Other Ways to Improve Heat Tolerance and Safety
Michael F. Bergeron, Ph.D., FACSM
Reducing Climatic Heat Stress Risk In Young Athletes
Before young athletes start physical conditioning for fall sports, pediatricians have some advice for the athletes, parents, and adults who are running practice on hot, humid days: Use some common sense and appropriate measures to keep the kids out of danger. Michael F. Bergeron, Ph.D., FACSM, Director of the National Institute for Athletic Health & Performanceand a leading expert in the field, joins Melanie Cole M.S. to discuss preventing climatic heat stress in young athletes. Don't miss this very important show.
Michael F. Bergeron, Ph.D., FACSM is the Director of the National Institute for Athletic Health & Performance and Professor in the Department of Pediatrics, Sanford School of Medicine of the University of South Dakota at the Sanford USD Medical Center. He also has an appointment as a Senior Scientist in Sanford Children’s Health Research Center. Internationally recognized for his research in exercise, heat stress, and youth athletic health and leadership in the sports medicine community, Dr. Bergeron is a Fellow and past Trustee of the American College of Sports Medicine (ACSM) and also past Chair of the ACSM Strategic Health Initiative – Youth Sports and Health Committee. He is currently a member of the National Federation of State High School Associations Sports Medicine Advisory Committee and was recently a consultant member of the American Academy of Pediatrics Executive Committee for the Council on Sports Medicine and Fitness. Dr. Bergeron serves as an Editorial Board member for the International Journal of Sport Nutrition and Exercise Metabolism and Journal of Athletic Training. He also serves as a clinical and scientific consultant to the WTA (Women’s Tennis Association) Professional Tour Medical Services. Dr. Bergeron has been a regular member of scientific review panels of the Congressionally Directed Peer Reviewed Medical Research Program (PRMRP) and Defense Medical Research and Development Program (DMRDP) for the American Institute of Biological Sciences (AIBS) and the United States Army Medical Research and Material Command (USAMRMC) in the areas of Disease Prevention and Epidemiology, Bone Health and Military Medical Readiness, and Military Nutrition Research. Dr. Bergeron has participated recently as a leading faculty member on Department of Defense consensus panels for Exertional Heat Stroke: Return to Duty and Extreme Conditioning Programs. He has also worked with a number of junior, collegiate, and professional athletes on training and nutrition related to preparation, competition, and recovery strategies in the heat, with a particular emphasis on helping athletes to avoid exertional muscle cramping. Dr. Bergeron’s current research is focused on the effects of exercise in the heat and thermal strain on neuromuscular control and injury risk, as well as glycemic control in youth athletes with Type 1 diabetes. The institute is also examining myriad physiological and neuromuscular characteristics associated with mild traumatic brain injury and recovery.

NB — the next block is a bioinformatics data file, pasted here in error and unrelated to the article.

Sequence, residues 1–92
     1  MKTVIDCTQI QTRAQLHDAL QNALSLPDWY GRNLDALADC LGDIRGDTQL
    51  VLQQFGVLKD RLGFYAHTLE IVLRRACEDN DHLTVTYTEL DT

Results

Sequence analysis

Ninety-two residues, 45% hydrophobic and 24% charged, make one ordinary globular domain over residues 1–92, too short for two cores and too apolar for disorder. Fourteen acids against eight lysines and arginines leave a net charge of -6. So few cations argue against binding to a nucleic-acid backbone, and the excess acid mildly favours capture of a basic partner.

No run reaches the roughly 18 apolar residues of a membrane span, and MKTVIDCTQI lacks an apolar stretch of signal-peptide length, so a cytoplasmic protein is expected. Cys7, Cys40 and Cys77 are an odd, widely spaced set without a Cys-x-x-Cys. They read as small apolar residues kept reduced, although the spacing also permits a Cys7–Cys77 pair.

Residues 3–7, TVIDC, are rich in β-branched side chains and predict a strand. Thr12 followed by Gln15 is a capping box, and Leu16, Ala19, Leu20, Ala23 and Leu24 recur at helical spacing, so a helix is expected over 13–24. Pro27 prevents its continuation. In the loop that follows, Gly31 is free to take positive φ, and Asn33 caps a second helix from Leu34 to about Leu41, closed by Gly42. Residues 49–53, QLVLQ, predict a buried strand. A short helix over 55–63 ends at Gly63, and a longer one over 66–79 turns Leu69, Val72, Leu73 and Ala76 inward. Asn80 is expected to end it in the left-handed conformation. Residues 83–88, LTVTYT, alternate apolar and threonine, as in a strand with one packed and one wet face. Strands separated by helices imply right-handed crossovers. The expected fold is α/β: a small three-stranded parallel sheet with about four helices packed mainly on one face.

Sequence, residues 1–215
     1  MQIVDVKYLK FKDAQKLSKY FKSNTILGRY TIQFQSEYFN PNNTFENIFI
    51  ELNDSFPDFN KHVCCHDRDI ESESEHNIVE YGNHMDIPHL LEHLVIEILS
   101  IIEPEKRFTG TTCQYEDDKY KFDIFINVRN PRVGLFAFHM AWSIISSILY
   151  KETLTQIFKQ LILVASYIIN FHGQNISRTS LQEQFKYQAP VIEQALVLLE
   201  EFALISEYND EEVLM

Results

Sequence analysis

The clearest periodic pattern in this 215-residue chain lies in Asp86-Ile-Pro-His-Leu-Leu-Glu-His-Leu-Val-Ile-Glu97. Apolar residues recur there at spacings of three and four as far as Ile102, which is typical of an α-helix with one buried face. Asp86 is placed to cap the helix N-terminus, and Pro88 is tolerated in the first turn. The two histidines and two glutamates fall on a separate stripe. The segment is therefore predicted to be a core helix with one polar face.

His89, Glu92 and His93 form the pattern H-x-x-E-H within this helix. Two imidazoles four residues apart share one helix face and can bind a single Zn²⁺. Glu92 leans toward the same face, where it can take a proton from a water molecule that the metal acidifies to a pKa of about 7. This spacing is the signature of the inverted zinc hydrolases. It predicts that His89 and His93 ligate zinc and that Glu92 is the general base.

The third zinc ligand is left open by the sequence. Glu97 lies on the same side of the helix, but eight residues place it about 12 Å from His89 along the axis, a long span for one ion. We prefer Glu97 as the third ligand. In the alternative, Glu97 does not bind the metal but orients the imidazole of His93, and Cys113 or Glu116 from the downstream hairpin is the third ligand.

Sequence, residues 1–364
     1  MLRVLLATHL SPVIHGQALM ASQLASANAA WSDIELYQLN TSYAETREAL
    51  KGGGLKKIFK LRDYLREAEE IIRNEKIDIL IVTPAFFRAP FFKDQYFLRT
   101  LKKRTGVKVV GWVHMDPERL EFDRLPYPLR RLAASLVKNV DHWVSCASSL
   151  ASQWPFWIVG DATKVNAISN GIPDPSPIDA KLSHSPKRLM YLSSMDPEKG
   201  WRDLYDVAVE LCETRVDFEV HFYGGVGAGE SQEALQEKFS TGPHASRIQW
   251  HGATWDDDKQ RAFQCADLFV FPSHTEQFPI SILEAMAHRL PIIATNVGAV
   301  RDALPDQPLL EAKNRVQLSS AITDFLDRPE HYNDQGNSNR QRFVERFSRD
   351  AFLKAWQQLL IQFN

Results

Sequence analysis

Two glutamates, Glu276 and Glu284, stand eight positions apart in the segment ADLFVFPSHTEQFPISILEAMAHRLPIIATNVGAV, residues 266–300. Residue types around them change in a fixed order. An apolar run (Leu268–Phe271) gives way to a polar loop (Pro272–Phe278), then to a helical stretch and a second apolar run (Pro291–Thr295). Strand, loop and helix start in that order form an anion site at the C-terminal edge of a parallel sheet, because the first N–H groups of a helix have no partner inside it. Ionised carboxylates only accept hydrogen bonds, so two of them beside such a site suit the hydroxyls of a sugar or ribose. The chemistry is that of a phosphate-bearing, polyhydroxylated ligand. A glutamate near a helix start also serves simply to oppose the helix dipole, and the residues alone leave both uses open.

Melanie Cole, M.S.
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